Native apps require you to hire expert mobile app developers with in-depth knowledge of native programming languages, resulting in higher development costs. On the other side, anyone who has some experience with web development languages can quickly develop a mobile web app. For that reason, a mobile web app ends up being less expensive than a native app.
Lastly, maintaining a mobile web application is as easy as maintaining a regular web page. In most cases, it’s far effortless than a native app. Simply update the app, and you’re done! Contrariwise, the maintenance of a native application requires a developer to deal with multiple versions for different platforms, often leading to higher maintenance costs.
Best Practices for Mobile Web App Development
Mentioned below are a few things that you should keep in mind while you’re building a mobile web application:
#Plan A Strong User Experience
Whether you’re developing a mobile web app, native app, or even a responsive website, your first and foremost priority should be to provide your users a unique, engaging, and pleasing experience. Before you dive into mobile web app development, consider what features and functionality your users expect and plan how you’ll be coding it accordingly.
#Keep Content Short and Sweet
As the screen of a mobile device is relatively smaller than that of a desktop computer or laptop, you need to convey your story in fewer words on your mobile web app. To achieve this, include only the most essential information in your web app’s user interface. Use conventional mobile icons wherever possible to keep your application free from clutter.
#Don’t Rely on the User’s Memory
A good application never asks users to remember any information for future use. Instead, wherever essential, it presents them with the most relevant details possible to complete their tasks as quickly as possible. So it would be better if your mobile web app asks a user to enter particular information only once.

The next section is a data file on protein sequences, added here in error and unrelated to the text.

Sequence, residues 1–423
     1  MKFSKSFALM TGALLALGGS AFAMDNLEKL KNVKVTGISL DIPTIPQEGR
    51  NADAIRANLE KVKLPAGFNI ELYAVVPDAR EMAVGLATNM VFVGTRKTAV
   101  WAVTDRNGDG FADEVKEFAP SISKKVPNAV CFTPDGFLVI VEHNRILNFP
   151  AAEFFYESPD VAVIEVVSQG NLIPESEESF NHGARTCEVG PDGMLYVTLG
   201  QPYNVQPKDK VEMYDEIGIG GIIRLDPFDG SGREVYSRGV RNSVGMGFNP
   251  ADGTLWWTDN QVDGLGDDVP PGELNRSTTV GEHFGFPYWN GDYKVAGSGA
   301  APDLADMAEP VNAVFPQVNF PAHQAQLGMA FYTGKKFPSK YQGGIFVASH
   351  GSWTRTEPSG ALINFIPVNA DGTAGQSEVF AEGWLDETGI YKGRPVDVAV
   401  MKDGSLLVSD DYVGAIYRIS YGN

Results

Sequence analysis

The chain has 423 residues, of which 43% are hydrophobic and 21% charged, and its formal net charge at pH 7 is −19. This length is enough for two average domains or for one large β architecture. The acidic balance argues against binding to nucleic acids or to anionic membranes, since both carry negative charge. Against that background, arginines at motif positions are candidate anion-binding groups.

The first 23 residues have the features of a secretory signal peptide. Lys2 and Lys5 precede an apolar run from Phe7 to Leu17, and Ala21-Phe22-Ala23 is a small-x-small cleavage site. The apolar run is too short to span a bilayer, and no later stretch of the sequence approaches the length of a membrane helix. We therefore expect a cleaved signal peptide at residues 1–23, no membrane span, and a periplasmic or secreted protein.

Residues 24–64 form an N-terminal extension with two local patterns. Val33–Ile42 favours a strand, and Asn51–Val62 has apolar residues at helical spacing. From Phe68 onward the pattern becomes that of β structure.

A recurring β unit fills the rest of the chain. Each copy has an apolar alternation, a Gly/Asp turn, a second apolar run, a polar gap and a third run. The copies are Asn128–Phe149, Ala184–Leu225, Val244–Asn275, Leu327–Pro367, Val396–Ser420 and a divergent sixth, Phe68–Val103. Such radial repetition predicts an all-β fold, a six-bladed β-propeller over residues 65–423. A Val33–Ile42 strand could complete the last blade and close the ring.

#Keep File Sizes Small
As compared to desktop devices, mobile devices usually have lesser memory and slower data connections. To provide users quicker experiences with your mobile web app under any circumstances, you have to keep files small in size and few in numbers. So do whatever you can to speed things up.
#Consider Offline Support
Leverage HTML5 offline data storage to maintain users’ experiences while they are offline for some reason. Assuming that the user will always be online ends up a lot of offline opportunities. Therefore, while crafting a mobile web application, consider providing offline support to your users.
#Keep Images Super Lightweight
When developing a mobile web app, try to use as few images as you can. The images you keep, make them as lightweight as possible. Consider resizing, cropping, and optimizing images to trim off any excess fat from them. Doing so will cut page load times and improve visitors’ overall browsing experience to a great extent.
#Take Advantage of Vertical Scrolling
The scrollbar can degrade the overall user experience; many web app developers have this unrealistic fear in mind. Yes, it can, but only if you force users to scroll a web page horizontally. Conversely, vertical scrolling can make your mobile web app simpler and engaging. Don’t worry too much about “the fold” and let your users scroll down to experience more of your web app.
#Give Valuable Status Messages
Don’t let users become frustrated at your web app for not responding to their input. Avoid using small and unnoticeable status messages, like “loading,” which don’t make users realize that the mobile web app is busy doing something in the background. Instead, use meaningful status messages, like “please wait,” which gives the user an idea of what’s going on.
#Avoid Multiple File Requests
#Test before Deployment
Remember to get your mobile web app tested by certified QA professionals before release to know whether it’s built the same way you wanted it to be. Check if the content is appropriately viewable on different devices or there are some improvements needed. It will be the icing on the cake if you test it with people who never got their hands on it before.